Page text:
Metropolitan St. Louis Sewer District v. City of Bellefontaine, No. ED101713 (Feb. 24, 2015), is another one of those cases where construction by a city resulted in damage to property. The water district sued for inverse condemnation, among other things. Only twist here was that it wasn't exactly "private" property, but property owned by another municipality, a water district. The City responded by arguing that hey man, the water district's property is already devoted to public use, and the prohibition against takings only applies to private property, so no standing.
Short story: the Missouri Court of Appeals punted the case up "because of the importance of this question, we transfer to the Missouri Supreme Court." Slip op. at 7. The interesting thing, especially for those of us who also practice in jurisdictions where a case before an intermediate appeals court can be moved up to the supreme court by transfer, is that the court of appeals first rendered its opinion about whether the water district had standing to assert the inverse condemnation claim. In our experience, when a case is transferred up, the intermediate court doesn't usually reveal what it is thinking about a case, as the transfer takes place before the court of appeals weighs in. Apparently, Missouri procedure is different, and allows the case to be transferred after argument and opinion.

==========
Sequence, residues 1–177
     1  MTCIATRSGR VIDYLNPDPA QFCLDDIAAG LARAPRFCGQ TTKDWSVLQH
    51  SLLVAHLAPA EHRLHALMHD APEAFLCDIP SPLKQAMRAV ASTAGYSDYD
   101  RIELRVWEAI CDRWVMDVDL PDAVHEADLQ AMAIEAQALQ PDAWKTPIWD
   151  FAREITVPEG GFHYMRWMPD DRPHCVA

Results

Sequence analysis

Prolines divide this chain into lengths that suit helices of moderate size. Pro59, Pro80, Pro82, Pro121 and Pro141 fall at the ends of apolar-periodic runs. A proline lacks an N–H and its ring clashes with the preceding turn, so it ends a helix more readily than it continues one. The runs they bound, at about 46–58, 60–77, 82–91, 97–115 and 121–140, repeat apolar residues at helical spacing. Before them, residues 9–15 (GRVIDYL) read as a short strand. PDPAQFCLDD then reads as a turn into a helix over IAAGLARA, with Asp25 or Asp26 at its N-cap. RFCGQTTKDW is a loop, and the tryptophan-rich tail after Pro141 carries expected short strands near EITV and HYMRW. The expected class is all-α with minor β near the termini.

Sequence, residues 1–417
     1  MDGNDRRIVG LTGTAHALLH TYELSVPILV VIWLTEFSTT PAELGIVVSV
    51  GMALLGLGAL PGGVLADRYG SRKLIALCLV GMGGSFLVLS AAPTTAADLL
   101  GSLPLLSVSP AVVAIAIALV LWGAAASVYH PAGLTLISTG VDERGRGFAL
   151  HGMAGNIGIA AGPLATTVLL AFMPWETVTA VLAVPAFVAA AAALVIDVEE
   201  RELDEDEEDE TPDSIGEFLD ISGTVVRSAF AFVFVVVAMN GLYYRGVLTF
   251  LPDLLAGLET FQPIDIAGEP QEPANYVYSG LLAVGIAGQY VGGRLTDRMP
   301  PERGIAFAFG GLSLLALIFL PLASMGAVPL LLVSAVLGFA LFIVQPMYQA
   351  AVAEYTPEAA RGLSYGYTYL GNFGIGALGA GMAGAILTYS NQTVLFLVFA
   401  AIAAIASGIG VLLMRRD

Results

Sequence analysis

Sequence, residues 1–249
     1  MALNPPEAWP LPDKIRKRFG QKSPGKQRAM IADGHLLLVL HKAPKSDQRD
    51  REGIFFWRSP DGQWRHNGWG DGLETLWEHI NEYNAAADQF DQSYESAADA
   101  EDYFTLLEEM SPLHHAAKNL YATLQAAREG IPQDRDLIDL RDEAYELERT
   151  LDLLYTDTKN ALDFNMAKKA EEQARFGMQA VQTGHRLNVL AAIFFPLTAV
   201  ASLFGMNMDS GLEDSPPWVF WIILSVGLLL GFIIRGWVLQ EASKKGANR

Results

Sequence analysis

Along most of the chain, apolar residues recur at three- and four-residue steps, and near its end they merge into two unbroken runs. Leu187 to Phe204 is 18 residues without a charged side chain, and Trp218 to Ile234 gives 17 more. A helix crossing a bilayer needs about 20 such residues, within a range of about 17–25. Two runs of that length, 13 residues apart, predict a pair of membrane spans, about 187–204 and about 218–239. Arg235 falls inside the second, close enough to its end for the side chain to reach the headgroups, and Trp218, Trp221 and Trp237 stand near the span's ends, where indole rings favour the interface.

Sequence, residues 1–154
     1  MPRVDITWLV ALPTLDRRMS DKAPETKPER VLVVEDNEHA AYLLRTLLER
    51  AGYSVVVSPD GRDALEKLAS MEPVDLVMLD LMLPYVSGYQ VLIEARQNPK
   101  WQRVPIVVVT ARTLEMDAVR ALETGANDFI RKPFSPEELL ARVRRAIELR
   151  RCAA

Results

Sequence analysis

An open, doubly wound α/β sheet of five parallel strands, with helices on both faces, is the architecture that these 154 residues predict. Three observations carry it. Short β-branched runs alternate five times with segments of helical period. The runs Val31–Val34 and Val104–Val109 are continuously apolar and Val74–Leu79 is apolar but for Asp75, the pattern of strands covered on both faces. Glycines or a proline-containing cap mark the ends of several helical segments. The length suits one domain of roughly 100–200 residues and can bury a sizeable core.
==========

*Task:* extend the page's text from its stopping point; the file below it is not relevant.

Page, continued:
The court of appeals, by the way, concluded (we will not say "held," because in light of the the transfer, this appears to be just an advisory opinion), that the water district did not have standing because it did not own private property. The court would have allowed the water district's tort claims against the city to go forward, however.
Next stop Missouri Supreme Court, we presume.